Saturday, January 20, 2018 - 12:22

I really enjoyed reading the piece by Lucille Davie on the Hillbrow Tower (click here to view). As with many others, I watched in awe as it went up. There was this orange plastic around the top bit where the concrete was being poured. The more concrete, the higher went the orange bit until it got to where the “double disc” is now.

I went up the tower several times in my early teenage years and remember depositing coins in the telescopes in a bid to find the spot where I was growing up.

A few years ago, I went up to the top once more thanks to some work my employer was doing for Telkom, which owns the tower. I’ve included some photographs taken that day with a mobile phone.

 

From one of the 'disc' levels looking towards Auckland Park. Sentech tower roughly in the centre. (Trevor Jones)

 

Another view from one of the "disc" levels. The hospital is on the lower left below the microwave disc. Killarney is in the centre. (Trevor Jones)

 

 

Looking over Ponte from one of the viewing floors (Trevor Jones)

 

There were then some people in Telkom interested in doing something with the tower, but I imagine that the need to fix the business has taken precedence.

However, I did develop a little understanding of what it would take to reopen the tower to the public.

First, the tower was built for the microwave era. That time is just about over and technology that required large equipment nowadays fits into carry-on luggage. This means in my view that Telkom would welcome any activity that offsets the costs of maintaining the tower, especially as there is still a telephone exchange at the bottom.

There is a part of the tower that I understand is still used by government entities, but in my view that should not prevent the viewing floors from being renovated and reopened.

There are challenges, though. The four lifts are original and need replacing. We got stuck on the way up, hence the pic below from one of the “port holes”. The wiring and plumbing would have to be replaced. Each of the six floors at the top would have to be gutted and renovated, including air conditioning, toilets, windows and so on. I was on a couple of those floors and I don’t think they have changed since my childhood, mustard carpets and all.

 

From a “port hole” about halfway up (Trevor Jones)

 

The visitor reception and entrance would need similar renovation treatment. As this is Hillbrow, visitor parking would surely be an issue but there is an old service station across the road that could be turned into a parking garage.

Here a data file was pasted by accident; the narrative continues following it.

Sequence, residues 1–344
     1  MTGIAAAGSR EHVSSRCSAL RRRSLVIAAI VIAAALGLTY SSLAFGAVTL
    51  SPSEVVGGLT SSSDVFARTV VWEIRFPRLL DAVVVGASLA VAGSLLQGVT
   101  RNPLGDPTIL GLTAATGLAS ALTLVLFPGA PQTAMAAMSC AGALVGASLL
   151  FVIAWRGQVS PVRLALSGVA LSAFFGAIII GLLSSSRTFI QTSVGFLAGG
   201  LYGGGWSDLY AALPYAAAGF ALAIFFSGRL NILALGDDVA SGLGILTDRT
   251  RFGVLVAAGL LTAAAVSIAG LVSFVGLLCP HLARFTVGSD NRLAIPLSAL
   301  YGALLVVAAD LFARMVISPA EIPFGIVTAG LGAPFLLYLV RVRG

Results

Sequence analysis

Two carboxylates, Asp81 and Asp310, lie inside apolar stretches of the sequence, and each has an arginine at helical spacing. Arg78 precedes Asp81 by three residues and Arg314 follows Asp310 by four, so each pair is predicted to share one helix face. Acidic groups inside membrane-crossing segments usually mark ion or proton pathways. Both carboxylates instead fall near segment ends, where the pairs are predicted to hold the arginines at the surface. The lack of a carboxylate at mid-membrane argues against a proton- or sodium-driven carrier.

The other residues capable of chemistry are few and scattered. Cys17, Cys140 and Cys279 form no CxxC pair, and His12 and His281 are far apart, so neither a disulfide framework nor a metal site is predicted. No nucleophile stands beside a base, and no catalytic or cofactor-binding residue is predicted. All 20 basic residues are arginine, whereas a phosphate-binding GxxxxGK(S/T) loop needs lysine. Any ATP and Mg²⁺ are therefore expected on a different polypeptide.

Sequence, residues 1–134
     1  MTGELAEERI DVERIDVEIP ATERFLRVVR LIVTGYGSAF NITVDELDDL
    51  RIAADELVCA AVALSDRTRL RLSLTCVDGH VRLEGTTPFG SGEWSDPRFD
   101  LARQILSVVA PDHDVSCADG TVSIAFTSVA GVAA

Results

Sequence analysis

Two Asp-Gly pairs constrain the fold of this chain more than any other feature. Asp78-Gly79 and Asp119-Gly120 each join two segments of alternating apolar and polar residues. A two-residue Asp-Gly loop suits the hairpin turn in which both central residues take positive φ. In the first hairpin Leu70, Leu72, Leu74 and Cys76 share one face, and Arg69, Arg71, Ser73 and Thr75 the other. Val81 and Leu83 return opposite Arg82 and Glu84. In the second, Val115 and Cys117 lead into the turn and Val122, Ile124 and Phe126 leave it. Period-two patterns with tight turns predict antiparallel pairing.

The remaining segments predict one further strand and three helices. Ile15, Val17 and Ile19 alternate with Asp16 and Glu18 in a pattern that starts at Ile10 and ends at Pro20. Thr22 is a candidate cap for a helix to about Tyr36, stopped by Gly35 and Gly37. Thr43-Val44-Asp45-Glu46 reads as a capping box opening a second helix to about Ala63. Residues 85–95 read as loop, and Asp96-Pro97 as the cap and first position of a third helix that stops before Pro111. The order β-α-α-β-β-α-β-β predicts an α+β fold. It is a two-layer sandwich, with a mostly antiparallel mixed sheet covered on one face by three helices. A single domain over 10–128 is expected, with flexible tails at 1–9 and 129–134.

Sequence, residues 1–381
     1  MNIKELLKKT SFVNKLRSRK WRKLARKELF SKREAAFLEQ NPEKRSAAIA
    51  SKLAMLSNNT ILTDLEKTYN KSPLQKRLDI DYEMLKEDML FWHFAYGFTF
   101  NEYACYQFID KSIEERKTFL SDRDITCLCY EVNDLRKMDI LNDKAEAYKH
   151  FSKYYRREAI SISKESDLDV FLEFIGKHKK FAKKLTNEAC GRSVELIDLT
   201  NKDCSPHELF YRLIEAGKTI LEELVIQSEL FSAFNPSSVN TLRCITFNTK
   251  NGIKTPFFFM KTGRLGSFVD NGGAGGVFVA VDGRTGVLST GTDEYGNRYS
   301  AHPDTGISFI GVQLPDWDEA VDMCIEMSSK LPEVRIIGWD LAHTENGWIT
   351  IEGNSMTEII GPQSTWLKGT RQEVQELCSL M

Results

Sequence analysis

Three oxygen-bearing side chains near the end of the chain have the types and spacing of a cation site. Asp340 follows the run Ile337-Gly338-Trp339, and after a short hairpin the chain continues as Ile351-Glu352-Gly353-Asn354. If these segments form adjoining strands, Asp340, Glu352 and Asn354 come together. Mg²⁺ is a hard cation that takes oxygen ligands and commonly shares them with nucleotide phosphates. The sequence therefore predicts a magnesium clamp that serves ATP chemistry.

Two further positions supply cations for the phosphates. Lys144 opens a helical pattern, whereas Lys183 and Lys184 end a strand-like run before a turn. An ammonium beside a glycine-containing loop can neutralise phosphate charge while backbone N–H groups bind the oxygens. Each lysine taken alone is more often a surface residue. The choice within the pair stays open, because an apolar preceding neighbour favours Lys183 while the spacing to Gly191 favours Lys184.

The old post office could become part of the experience and be turned into a museum of some sort and still have room for a postal-themed coffee shop and memento stalls. (Somewhere I think I still have the tower-shaped ballpoint pen from the early 70s.)

The tower could be part of a tourism route to the Old Fort and Constitution Hill. There must be people with ideas on how to build out the experiences further.

 

The old post office next to the tower (The Heritage Portal)

 

Old Fort and Constitution Hill (The Heritage Portal)

 

Realistically, though, we are talking about a cost that would run into tens of millions, at least. I am sure that revenue from the restored tower could pay for it eventually, but funding would require the involvement of many influential people and organisations. Even selling naming rights on a five-year basis would generate only a small portion of the funds needed. Further, we would be dealing with bureaucracy involving Telkom, at least three national and provincial government departments and the City of Johannesburg.

Still, I do hope that the tower is one day opened again. The experience is great and the perspective it provides of our city is wonderful.

 

Hillbrow from Caledonia Koppie (The Heritage Portal)

 

About the author: Trevor Jones is a former reporter and now communications consultant who was born in a nursing home across the road from what would become the Hillbrow Tower. He grew up near the Portuguese market gardens that became the Norwood Hypermarket, a development that still rankles. Over the decades his perspectives of the city has been shaped and re-shaped by living in The Gardens, Hillbrow, Birnam, Berea, Malvern, Sunninghill and Parktown North.

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Disclaimer: Any views expressed by individuals and organisations are their own and do not in any way represent the views of The Heritage Portal.

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